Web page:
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Wed 5/11, 2022, 7:30pm
Francis Fukuyama with Eric Liu
The Discontents of Liberalism



As a philosophy that means different things to different people and groups, it can be hard to know what liberalism stands for. Traditionally, liberalism is viewed as a political and moral philosophy based on individual rights, civil liberties, democracy, and free enterprise. In the 1990s and 2000s, democracy spread and markets prospered, and it seemed like the continuing expansion of liberal values was assured. But recent years have revealed major challenges to liberalism from both the right and the left.

In his book Liberalism and Its Discontents, political philosopher Francis Fukuyama writes that classical liberalism is in a state of crisis and asks essential questions about how to move forward. While liberalism was developed to help govern diverse societies and was grounded in fundamental principles of equality and the rule of law, huge inequalities still evolved. And while liberalism emphasizes the rights of individuals to pursue personal happiness, free from encroachment by the government, we still disagree about what those freedoms entail.

Fukuyama writes about how liberalism hasn’t always lived up to its own ideals. In the U.S., many people have been – and still are – consistently denied equality before the law, including African Americans and other people of color, members of the LGBTQIA+ community, women, and many more. He also examines how, in recent decades, the principles of liberalism have been pushed to new extremes by both the right and the left. The result, Fukuyama argues, has been a fracturing of our civil society and an increasing peril to our democracy.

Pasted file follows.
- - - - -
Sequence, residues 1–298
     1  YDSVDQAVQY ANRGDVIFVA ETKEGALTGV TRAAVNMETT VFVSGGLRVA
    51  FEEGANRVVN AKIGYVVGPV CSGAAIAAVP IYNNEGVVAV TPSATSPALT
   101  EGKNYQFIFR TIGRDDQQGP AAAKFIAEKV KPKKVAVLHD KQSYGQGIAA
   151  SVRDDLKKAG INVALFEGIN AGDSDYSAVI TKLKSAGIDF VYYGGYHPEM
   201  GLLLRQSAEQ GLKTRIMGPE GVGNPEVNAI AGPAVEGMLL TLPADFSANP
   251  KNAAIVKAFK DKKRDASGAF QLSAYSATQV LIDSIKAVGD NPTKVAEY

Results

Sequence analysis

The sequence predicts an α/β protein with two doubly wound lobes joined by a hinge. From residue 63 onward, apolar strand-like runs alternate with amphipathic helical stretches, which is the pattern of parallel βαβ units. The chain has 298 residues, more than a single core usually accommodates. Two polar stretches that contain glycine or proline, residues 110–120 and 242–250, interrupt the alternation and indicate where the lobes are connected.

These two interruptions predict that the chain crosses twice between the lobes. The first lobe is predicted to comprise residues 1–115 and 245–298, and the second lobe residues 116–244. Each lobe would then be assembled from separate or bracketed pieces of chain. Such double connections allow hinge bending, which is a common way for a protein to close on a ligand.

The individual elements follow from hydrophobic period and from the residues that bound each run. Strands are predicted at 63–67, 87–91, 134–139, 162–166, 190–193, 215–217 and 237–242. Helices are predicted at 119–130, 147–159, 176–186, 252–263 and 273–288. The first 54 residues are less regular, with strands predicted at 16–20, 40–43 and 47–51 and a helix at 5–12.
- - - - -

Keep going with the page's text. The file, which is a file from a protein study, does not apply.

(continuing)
Francis Fukuyama is the Olivier Nomellini Senior Fellow at Stanford University’s Freeman Spogli Institute for International Studies. He has previously taught at the Paul H. Nitze School of Advanced International Studies of Johns Hopkins University and at the George Mason University School of Public Policy. He was a researcher at the RAND Corporation and served as the deputy director in the State Department’s policy planning staff. He is the author of The End of History and the Last Man, Trust, and America at the Crossroads: Democracy, Power, and the Neoconservative Legacy.

Eric Liu is the co-founder and CEO of Citizen University and director of the Aspen Institute’s Citizenship & American Identity Program. He is the author of several acclaimed books, most recently, Become America: Civic Sermons on Love, Responsibility, and Democracy — a New York Times New & Notable Book. He has been selected as an Ashoka Fellow and a member of the American Academy of Arts and Sciences. He is featured on the PBS documentary American Creed and is a frequent contributor to The Atlantic. Liu served as a White House speechwriter for President Bill Clinton and as the President’s deputy domestic policy adviser. He was later appointed by President Obama to serve on the board of the Corporation for National and Community Service.

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